Introduction
Since the dawn of humanity, content creators have been with us. From cave painting and early storytelling: even before civilization began, we have expressed our creative nature and ideals. From the Ancient Greek tragedies, through Leonardo and Michelangelo, content creators of all types (including educators, charities, etc.) have aimed at the same core purpose: that is, to engage people through a meaningful experience.
In an increasingly digitalized world, many of these expressions are produced or distributed through digital channels. This has given birth to the term “digital content creation”. Youtubers, educators, influencers, etc. are now known, at least in the digital sphere, with the all-encompassing term “content creators”.
The industry of content creation is now composed of very different types of content: Youtube videos, video games, education videos, charity campaigns, etc. Likewise, there is great specialization and differentiation among those who generate this content: video creators, bloggers, influencers, etc.
The skill for content creators is talent. It has always been, it will always be. You don’t have to be born rich, or have gone to a costly academy, to become a successful video creator, painter or blogger. In theory, anyone can shoot a webcam video or publish a blog and, with talent and dedication, be able to make people passionate and catch the interest of thousands, if not millions of individuals worldwide.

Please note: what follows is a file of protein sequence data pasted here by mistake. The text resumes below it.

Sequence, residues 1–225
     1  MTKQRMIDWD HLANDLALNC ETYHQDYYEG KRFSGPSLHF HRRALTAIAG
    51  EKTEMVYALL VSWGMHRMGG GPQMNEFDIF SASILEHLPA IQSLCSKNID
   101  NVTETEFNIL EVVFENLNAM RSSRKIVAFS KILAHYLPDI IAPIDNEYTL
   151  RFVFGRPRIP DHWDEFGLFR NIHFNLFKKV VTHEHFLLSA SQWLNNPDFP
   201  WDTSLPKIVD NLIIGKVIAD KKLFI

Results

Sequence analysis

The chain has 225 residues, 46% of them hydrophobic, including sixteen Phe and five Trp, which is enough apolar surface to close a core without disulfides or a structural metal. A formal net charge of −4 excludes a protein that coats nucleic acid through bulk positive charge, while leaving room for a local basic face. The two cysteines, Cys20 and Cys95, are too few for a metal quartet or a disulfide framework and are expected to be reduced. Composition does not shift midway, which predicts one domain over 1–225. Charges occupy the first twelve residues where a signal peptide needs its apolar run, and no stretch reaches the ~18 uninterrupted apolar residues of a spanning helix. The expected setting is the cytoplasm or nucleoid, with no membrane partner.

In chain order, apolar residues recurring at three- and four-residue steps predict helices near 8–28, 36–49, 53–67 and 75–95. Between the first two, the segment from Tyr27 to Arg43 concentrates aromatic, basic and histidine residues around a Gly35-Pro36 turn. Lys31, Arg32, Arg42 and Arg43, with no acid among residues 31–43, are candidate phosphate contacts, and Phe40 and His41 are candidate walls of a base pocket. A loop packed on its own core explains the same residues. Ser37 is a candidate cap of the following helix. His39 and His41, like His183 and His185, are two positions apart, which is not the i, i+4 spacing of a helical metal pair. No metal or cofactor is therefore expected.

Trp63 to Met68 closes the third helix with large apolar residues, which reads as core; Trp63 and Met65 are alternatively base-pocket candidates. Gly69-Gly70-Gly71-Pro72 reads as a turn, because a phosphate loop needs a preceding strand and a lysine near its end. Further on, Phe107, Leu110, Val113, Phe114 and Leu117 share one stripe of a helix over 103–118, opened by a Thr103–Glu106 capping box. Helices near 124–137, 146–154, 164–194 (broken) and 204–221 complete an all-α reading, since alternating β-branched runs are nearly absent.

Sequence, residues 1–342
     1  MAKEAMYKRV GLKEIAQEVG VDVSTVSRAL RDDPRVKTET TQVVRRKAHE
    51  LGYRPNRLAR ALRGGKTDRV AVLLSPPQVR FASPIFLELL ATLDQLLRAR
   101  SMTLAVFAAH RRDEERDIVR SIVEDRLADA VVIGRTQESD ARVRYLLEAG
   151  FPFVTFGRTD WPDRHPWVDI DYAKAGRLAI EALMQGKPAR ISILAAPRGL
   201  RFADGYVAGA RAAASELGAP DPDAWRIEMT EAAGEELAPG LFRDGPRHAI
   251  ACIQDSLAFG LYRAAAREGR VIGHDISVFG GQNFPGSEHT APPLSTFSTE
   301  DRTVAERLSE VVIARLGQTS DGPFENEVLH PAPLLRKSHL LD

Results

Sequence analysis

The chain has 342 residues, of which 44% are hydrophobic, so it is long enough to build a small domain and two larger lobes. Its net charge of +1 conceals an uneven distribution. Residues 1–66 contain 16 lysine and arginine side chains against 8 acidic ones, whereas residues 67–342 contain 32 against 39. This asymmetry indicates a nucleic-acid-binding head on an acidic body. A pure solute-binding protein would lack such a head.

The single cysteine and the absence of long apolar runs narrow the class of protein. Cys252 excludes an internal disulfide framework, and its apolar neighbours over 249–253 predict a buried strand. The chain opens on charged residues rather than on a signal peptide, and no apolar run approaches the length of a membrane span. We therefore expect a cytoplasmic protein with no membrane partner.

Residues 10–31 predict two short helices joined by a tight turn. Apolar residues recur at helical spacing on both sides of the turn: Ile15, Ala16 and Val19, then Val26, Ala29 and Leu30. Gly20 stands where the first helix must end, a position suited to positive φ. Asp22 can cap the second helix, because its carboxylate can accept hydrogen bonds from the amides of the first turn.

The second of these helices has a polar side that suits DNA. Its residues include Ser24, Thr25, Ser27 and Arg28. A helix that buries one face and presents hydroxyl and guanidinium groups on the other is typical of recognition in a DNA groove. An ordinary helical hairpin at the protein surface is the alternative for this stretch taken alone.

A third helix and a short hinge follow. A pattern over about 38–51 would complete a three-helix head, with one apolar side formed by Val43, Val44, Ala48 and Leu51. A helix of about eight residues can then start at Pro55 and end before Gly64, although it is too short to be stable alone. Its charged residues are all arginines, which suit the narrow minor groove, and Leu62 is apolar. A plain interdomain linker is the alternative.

Nonetheless, even if talent have been always the main driver of content creation, another constant has been present since ancient times: to be a content creator you need, at least at some point, financial support. Indeed, content creators need to cover their costs of living while they are immersed in their creations; but in many cases, their works are not immediately capable of being sold, and therefore they do not have a source of income.
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